(599a) Harnessing Self-Assembly to Design Functionalized Nanotube-Lipid Hybrid Structures | AIChE

(599a) Harnessing Self-Assembly to Design Functionalized Nanotube-Lipid Hybrid Structures


Dutt, M. - Presenter, University of Pittsburgh
Nayhouse, M. J. - Presenter, University of Pittsburgh

Via Dissipative Particle Dynamics (DPD) approach, we study the design
and creation of functionalized amphiphilic nanotube-lipid hybrid
structures. Individual lipids are composed of a hydrophilic head group
and two hydrophobic tails. Each bare nanotube encompasses an ABA
architecture, with a hydrophobic shaft (B) and two hydrophilic ends
(A). To allow controlled transport through the nanotube, we also
introduce hydrophilic hairs at one or both ends of the tube.Our
earlier investigations on nanotube-lipid bilayer interactions
(Nanoscale, 2011, 3, 240) demonstrated that bare and single-end hairy
nanotubes spontaneously penetrate and assume a trans-membrane position
in the bilayer; this process is found to critically depend upon the
membrane tension. On the other hand, the double-end hairy nanotubes
are not unable spontaneously self-organize into the bilayer, and
require the formation of a stable pore for its insertion. Based upon
our earlier findings, we use two different approaches to generate the
hybrid structures. (1) For the double-end hairy nanotube, we use the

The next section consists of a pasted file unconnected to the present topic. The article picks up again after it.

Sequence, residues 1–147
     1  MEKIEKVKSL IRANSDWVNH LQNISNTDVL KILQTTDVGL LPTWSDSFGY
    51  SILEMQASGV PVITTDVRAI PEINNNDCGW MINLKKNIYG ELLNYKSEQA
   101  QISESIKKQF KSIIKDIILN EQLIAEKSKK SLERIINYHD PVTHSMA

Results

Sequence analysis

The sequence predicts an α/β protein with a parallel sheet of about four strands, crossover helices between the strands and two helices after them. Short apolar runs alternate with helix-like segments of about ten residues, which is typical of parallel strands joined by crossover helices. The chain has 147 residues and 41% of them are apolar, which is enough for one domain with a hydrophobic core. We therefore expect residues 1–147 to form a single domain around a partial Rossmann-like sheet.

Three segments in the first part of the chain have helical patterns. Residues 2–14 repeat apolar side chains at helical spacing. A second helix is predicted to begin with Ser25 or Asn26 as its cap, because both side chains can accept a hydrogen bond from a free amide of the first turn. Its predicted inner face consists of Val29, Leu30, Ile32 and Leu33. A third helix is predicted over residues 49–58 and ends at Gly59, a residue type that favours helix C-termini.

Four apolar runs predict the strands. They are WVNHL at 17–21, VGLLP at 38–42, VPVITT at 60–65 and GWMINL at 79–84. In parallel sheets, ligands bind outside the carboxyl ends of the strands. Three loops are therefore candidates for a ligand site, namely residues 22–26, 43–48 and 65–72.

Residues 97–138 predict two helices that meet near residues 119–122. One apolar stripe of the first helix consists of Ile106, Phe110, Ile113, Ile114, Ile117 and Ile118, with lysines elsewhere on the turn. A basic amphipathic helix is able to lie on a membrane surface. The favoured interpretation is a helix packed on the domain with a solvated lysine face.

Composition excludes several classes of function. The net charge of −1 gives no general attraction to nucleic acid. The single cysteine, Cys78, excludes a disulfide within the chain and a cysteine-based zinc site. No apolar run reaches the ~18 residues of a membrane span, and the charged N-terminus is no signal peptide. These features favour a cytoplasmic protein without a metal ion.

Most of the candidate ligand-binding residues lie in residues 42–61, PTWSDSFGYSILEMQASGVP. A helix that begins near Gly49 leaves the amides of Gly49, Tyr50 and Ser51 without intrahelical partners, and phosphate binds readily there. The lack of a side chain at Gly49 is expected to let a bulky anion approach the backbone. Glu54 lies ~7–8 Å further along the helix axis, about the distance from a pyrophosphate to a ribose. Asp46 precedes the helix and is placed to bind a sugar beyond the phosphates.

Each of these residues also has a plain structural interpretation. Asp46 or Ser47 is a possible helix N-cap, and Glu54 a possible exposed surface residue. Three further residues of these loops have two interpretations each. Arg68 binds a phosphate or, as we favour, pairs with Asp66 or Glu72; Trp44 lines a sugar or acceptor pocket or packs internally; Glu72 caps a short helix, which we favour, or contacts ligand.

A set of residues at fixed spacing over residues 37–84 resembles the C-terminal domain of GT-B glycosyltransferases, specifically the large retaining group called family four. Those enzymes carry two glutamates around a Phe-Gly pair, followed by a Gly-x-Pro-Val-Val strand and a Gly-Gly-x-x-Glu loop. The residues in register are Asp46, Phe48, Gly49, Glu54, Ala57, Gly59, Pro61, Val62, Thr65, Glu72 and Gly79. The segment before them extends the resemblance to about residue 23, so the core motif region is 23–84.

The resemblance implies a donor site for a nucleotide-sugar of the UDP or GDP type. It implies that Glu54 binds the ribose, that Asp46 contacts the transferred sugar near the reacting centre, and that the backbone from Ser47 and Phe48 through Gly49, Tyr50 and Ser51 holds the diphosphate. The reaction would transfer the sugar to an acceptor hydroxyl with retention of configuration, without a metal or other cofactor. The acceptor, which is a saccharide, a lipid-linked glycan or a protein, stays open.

self-assembly of the amphiphilic lipids and the nanotubes in a
hydrophilic solvent to create equilibrium hybrid structures such as a
vesicle or a bicelle. The formation of a specific structure depends
upon the concentrations of each component (M. Dutt et
al. submitted). (2) For the bare and single-end hairy nanotubes, we
add a nanotube into a solvent bath containing a pre-assembled vesicle
and observe its spontaneous insertion into the vesicle bilayer to
assume a transmembrane position. We sequentially add the nanotubes one
at a time after the previous nanotube has been inserted (M. Dutt et
al. submitted). In both these approaches, the nanotubes in the hybrid
vesicles are found to self-organize in the bilayer into smectic-,
tripod- or tetrapod-like structures.  We also show that the nanotubes
insertion and clustering within the vesicle strongly affects the
vesicle shape in cases of a sufficiently large number of
tubes. Ultimately, these nanotube-lipid systems can be used for making
hybrid controlled release vesicles.